Tax Day’s already come and gone, but for many Americans, April 21 marks a lesser-known — and likely more appreciated — “Tax Freedom Day.”
According to calculations from the D.C.-based Tax Foundation, April 21 is the day on the calendar when a typical worker will have earned enough to meet their anticipated annual income tax obligations to federal, state and local governments.
According to the Tax Foundation, federal income taxes eat up 33 days, taking the typical taxpayer from January into early February to earn enough to pay in full.
“Social insurance taxes,” like Social Security, are the next-largest cost paid by American workers, requiring 27 days to pay up.
After that, it’s sales and excise taxes (13 days), property taxes (11 days), state and local income taxes (nine days), federal corporate taxes (eight days) and 10 more days for a variety of other taxes.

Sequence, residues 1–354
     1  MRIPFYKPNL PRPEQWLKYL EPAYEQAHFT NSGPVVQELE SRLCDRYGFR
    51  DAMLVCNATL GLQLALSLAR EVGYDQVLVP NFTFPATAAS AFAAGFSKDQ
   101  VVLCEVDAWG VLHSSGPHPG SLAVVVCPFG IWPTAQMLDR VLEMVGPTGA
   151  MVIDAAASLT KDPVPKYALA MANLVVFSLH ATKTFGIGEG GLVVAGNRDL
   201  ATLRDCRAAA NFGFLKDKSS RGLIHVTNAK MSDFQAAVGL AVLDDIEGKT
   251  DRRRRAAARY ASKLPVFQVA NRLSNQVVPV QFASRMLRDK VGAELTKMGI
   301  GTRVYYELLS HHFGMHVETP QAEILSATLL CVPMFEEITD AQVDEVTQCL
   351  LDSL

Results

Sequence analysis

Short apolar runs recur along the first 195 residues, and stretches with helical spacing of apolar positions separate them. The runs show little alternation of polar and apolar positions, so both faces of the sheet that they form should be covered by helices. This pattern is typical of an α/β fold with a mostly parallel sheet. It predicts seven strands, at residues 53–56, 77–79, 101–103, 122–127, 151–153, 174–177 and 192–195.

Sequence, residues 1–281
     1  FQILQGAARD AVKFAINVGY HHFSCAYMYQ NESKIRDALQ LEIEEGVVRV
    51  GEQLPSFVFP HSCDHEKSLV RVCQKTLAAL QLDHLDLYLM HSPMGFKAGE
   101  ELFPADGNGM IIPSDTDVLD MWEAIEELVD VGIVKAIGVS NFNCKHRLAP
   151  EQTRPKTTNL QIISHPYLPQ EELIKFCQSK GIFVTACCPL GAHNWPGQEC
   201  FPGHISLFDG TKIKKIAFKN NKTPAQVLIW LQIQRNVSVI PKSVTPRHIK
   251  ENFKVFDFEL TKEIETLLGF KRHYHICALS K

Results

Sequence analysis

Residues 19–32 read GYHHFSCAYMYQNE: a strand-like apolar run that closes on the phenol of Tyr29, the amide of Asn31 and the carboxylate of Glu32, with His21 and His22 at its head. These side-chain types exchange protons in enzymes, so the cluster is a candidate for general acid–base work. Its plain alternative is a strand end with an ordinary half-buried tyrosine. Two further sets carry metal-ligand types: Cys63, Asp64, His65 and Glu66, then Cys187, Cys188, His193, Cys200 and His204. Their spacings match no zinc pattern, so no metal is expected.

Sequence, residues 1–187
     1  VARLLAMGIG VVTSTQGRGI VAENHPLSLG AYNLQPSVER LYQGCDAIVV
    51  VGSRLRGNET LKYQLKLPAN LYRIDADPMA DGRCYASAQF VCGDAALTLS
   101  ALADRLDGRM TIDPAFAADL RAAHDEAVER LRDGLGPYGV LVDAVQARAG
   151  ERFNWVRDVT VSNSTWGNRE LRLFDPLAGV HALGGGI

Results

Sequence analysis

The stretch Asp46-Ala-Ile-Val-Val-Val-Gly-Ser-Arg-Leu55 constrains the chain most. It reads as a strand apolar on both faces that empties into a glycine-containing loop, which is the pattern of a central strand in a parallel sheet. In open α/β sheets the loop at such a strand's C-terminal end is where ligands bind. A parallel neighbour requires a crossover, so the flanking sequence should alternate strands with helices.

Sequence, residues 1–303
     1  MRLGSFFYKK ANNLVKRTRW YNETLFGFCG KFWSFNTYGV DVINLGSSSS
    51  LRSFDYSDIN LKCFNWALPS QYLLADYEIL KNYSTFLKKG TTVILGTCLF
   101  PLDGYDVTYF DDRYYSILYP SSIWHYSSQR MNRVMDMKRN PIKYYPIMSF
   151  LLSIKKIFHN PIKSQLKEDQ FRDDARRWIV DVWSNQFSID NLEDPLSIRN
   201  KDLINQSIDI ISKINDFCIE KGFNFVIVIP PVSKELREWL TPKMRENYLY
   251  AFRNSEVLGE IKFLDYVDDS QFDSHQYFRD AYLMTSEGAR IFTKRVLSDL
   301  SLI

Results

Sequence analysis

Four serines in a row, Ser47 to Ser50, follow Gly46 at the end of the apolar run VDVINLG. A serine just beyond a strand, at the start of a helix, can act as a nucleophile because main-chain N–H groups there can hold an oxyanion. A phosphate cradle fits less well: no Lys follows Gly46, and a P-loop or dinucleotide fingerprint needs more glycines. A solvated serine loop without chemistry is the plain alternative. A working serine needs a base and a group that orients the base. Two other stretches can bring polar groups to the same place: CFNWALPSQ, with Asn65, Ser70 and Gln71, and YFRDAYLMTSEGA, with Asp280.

All of that adds up to 111 days of earnings needed to fulfill a citizen’s obligations — three days longer than the 108 days it took in 2012.
Thanks to different state tax rates, some Americans have a Tax Freedom Date that happens earlier than April 21, while still others have to work longer to meet their local obligations.
So, which state won the race to be the first to the tax freedom finish line? That honor belongs to Louisiana, when the state achieved tax freedom on March 30, sooner than any other. On the flip side, residents of Connecticut and New Jersey are saddled with an additional 40 days, needing to work until May 9 before they can consider themselves to be free from their tax obligations.
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